Flying Reaches at Whitefriars

Wow, what a weekend!

The British Moths came back to Whitefriars for their annual away weekend, running 2 Opens, one on the Saturday and one on the Sunday.  This year they shared the Saturday with the Lightning 368 class,  and it made for a very merry day indeed. Whitefriars has no Moths of their own,  but enjoys hosting the class each year.

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There were a fair few nervous looking faces in the dinghy park whilst rigging. The sun was bright,  but British Moths can be very flighty when the breeze kicks in – the huge sail and short hull make for an exciting ride.

However,  the 15 visiting sailors were soon ready for the off,  and showed throughout the 3 races that British Moths really aren’t just for ultra-light wind days on the river.  A Moth planing the whole length of the lake,  bow way in the air,  just the last bit of rocker left in the water,  spray everywhere,  is quite a sight to behold.   Put 15 of them in close proximity,  and you can understand why this class has been capturing the imagination since 1932!

The racing was tight at the top,  but the massively experienced Toby Cooper, despite nursing a damaged arm,  was able to fight off all challengers,  showing amazing skill in reading the shifting,  gusting winds.   Andy Matthews and Roger Witts took the other placings.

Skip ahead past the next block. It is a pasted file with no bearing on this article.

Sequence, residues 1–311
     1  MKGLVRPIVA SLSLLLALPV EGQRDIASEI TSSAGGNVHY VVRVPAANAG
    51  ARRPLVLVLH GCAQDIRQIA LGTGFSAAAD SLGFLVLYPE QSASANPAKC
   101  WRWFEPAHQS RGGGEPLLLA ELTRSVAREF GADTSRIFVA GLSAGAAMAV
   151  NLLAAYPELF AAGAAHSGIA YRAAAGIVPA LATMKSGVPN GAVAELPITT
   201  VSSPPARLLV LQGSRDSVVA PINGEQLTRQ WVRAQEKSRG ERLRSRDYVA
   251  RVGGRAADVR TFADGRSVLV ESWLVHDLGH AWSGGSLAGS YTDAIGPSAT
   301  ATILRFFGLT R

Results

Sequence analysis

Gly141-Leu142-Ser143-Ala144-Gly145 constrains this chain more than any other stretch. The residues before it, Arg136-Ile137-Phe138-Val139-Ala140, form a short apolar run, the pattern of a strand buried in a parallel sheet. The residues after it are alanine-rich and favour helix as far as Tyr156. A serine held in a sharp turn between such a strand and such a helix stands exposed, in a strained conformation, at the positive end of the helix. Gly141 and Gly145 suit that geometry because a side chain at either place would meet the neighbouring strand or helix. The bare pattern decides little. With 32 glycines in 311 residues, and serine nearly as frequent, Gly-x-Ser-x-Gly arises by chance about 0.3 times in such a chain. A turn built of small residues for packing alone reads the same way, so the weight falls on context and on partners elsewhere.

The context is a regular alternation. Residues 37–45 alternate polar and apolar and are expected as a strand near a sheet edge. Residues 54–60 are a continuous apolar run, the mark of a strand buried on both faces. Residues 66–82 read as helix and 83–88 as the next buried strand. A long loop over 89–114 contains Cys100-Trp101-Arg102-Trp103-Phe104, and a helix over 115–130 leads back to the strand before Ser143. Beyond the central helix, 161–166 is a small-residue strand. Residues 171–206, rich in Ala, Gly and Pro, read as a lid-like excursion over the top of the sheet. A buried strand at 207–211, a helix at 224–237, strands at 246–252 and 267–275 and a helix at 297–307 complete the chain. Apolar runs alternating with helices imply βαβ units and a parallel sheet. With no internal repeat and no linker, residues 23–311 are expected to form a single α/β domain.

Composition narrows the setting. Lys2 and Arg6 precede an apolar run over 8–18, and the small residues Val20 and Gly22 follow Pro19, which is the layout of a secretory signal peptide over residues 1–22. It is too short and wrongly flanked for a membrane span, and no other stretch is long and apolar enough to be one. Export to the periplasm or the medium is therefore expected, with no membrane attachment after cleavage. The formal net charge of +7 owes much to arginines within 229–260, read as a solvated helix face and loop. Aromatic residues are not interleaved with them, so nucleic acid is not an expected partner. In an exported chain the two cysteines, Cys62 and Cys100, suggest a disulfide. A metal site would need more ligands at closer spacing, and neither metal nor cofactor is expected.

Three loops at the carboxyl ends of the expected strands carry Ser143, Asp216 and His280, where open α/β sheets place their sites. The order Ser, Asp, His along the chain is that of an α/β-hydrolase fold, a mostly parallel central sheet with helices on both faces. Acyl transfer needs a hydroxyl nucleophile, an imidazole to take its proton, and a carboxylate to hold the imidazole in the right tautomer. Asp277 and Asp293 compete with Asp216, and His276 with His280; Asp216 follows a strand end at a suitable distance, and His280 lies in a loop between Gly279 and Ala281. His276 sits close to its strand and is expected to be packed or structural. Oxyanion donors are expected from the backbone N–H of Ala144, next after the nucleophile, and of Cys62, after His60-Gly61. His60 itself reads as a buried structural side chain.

After the sailing finished,  a prize giving with plenty of cake was followed by one of Abby Freeley’s special barbeques,  with home-made burgers and salads enjoyed by all.  Re-hydration being the name of the game these days after hard exercise,  several bottles of wine were enjoyed with the food!

Sunday dawned sunny, and to the relief of at least some of the fleet,  the wind had dropped to the perfect “thinking Sailor’s” breeze.

3 races were run alongside the club racing,  and occasionally a little fast thinking,  good humour and understanding was needed as the fleets crossed to ensure both sets of races could happen smoothly.

In the morning race the lighter winds kept the fleet even closer than on Saturday,  with some different faces seen near the front.  Georgia Honey showed early promise before dropping back,  but Abby Freeley was able to take a well-deserved 3rd place behind the more usual front runners,  Toby Cooper and Roger Witts.

The afternoon races saw more spreading of the fleet, as the more wily sailors took advantage of the massive wind shifts to shorten the distance sailed.  Toby Cooper took the 2nd race,  and Roger Witts the 3rd,  after a titanic battle with Tony Latham.

The Gyro Trophy,  one of the oldest cups in sailing, was presented to Toby Cooper by Tim Hopes, Commodore of Whitefriars sailing club.

The club is looking forward to seeing the Moths again next year,  hopefully in the company of the Lightning 368’s once more.

More information about these fun, responsive little boats can be found at www.britishmoth.co.uk, and more about the very welcoming Whitefriars at www.whitefriarssc.org